Lab 00 - Hello R!


March 6, 2024


This lab is due January 29 at 11:59pm ET.

This lab will introduce you to the course computing workflow. The main goal is to reinforce our demo of R and RStudio, which we will be using throughout the course both to learn the statistical concepts discussed in the course and to analyze real data and come to informed conclusions.


R is the name of the programming language itself and RStudio is a convenient interface.

An additional goal is to reinforce Git and GitHub, the collaboration and version control system that we will be using throughout the course.


Git is a version control system (like “Track Changes” features from Microsoft Word but more powerful) and GitHub is the home for your Git-based projects on the internet (like DropBox but much better).

As the labs progress, you are encouraged to explore beyond what the labs dictate; a willingness to experiment will make you a much better programmer. Before we get to that stage, however, you need to build some basic fluency in R. Today we begin with the fundamental building blocks of R and RStudio: the interface, reading in data, and basic commands.

To make versioning simpler, this and the next lab are solo labs. In the future, you’ll learn about collaborating on GitHub and producing a single lab report for your lab team, but for now, concentrate on getting the basics down.

By the end of the lab, you will…

Getting started


Your lab TAs will lead you through the Getting Started and Packages sections.

Log in to RStudio

  • Go to and log in with your Cornell NetID and Password.
  • Click the “New Session” button on the top of the page. Leave all the settings on their default state and click “Start Session”. You should now see an RStudio session.

If this is your first time accessing RStudio Workbench for the course, it will take a couple of minutes to prepare your session. Please be patient. When you start a session in the future, your container will already be prepared and it should start within 15 seconds.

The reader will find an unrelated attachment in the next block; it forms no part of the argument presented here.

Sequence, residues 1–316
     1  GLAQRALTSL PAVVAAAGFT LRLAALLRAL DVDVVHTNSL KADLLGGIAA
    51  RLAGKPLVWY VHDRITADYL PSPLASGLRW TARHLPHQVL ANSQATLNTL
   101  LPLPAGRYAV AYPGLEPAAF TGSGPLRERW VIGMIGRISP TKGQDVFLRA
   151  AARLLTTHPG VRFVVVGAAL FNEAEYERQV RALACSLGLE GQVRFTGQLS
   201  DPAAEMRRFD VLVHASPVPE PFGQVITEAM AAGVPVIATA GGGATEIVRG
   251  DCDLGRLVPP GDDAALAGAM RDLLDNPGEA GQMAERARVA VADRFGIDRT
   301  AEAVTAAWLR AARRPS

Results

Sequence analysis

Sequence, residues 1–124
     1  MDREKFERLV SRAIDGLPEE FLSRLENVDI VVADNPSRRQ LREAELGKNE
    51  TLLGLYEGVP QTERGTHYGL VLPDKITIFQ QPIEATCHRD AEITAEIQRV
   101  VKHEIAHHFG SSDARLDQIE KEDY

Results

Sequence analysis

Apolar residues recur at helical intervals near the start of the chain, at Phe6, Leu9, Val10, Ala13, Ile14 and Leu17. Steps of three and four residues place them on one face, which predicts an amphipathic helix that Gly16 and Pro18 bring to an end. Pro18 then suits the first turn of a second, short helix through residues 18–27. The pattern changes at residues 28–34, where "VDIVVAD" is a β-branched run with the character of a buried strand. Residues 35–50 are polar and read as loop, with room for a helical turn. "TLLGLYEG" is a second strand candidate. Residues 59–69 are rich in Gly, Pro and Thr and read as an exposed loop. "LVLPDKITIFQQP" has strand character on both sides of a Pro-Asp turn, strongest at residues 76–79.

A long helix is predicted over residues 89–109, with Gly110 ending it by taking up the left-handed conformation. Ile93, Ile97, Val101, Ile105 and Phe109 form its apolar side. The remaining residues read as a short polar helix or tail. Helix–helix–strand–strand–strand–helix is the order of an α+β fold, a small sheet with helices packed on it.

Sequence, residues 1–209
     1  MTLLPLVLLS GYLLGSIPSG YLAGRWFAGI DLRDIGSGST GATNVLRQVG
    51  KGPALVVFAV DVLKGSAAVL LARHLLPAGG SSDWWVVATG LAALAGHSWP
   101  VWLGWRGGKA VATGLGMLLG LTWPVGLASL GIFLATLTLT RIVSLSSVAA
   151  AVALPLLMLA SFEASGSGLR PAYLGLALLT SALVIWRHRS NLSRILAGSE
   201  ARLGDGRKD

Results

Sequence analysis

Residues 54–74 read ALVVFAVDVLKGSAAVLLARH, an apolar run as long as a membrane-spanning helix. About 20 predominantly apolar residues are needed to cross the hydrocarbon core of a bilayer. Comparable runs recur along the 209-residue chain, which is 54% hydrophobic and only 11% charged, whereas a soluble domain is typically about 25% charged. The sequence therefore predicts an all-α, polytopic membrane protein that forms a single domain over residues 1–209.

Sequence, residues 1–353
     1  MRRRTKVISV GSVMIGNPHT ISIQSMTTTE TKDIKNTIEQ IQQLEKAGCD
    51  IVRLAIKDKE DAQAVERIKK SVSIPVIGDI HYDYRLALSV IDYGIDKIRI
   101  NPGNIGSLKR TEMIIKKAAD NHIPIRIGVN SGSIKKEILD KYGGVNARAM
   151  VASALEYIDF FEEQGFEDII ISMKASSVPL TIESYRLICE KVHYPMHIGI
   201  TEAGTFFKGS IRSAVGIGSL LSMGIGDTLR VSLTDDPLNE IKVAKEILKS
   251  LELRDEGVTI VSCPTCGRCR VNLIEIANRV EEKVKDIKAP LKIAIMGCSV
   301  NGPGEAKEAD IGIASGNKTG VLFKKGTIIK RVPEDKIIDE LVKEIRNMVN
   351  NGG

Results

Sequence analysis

Set up your SSH key

You will authenticate GitHub using SSH. Below are an outline of the authentication steps; you are encouraged to follow along as your TA demonstrates the steps.


You only need to do this authentication process one time on a single system.

  • Type credentials::ssh_keygen() into your console.

  • R will ask “No SSH key found. Generate one now?” You should click 1 for yes.

  • You will generate a key. It will begin with “ssh-rsa….” and look something like this:

    [1] "/home/bcs88/.ssh/id_rsa"
    [1] "ssh-rsa AAAAB3NzaC1yc2EAAAADAQABAAABAQDJYmJeave083exQwYcIqZJk/Y1mgPxdcTYCTWLL+6mlhN9MM3enjDqb2eZvVJ0JK29NYL1++DTqY/saP08IlswNIMntwaWFDNx42yLsuFrWiPqzm9hWWnRcor/d+4zTrcSIEvfAAnLsYkagNqurrCf2taO62YRepTgxErLvLOG10qn4LKhNfT+PTqdPq2Mr88jXQYYrRxGnOV6oVYf6PurKkiooTsKYxVtJWai8Ek9fhK2y5vaQd5yP0H/3Hbw8Mn+rB+O8Yj6/oQKGBCgxkDB4Aw7T91DkIXlHppneO683Y54WvUftJYvSVsnyt/XuNjvXNAir0+kHETLM32uzH6L"
  • Copy the entire string of characters (not including the quotation marks) and paste them into the settings page on GitHub. Give the key an informative title such as “INFO 2950 RStudio Workbench”. Click “Add SSH key.”

Configure Git

There is one more thing we need to do before getting started on the assignment. Specifically, we need to configure your git so that RStudio can communicate with GitHub. This requires two pieces of information: your name and email address.

To do so, you will use the use_git_config() function from the usethis package. Type the following lines of code in the console in RStudio filling in your name and the email address associated with your GitHub account.

usethis::use_git_config( = "Your name", = "Email associated with your GitHub account"

For example, mine would be

usethis::use_git_config( = "Benjamin Soltoff", = ""

You are now ready interact with GitHub via RStudio!

Clone the repo & start new RStudio project

  • Go to the course organization at organization on GitHub. Click on the repo with the prefix lab-00. It contains the starter documents you need to complete the lab.

  • Click on the green CODE button, select Use SSH (this might already be selected by default, and if it is, you’ll see the text Clone with SSH). Click on the clipboard icon to copy the repo URL.

  • In RStudio, go to FileNew ProjectVersion ControlGit.

  • Copy and paste the URL of your assignment repo into the dialog box Repository URL. Again, please make sure to have SSH highlighted under Clone when you copy the address.